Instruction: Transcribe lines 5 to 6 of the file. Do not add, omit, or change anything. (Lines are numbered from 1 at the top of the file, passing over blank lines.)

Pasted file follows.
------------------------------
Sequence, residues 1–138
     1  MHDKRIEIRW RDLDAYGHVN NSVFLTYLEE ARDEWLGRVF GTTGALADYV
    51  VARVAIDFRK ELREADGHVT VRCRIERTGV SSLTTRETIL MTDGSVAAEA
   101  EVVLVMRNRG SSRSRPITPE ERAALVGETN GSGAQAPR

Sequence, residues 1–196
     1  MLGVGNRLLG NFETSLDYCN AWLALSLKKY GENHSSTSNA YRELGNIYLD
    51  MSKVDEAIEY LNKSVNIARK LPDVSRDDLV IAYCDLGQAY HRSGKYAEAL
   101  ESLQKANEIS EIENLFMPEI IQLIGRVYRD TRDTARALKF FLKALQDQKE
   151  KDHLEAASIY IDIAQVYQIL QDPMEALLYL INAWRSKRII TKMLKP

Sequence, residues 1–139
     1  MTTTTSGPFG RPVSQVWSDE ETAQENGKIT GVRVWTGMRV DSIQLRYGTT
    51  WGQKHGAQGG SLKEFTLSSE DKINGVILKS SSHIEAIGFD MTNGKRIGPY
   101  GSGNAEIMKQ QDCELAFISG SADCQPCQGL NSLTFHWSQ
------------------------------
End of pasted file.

Sequence, residues 1–196
     1  MLGVGNRLLG NFETSLDYCN AWLALSLKKY GENHSSTSNA YRELGNIYLD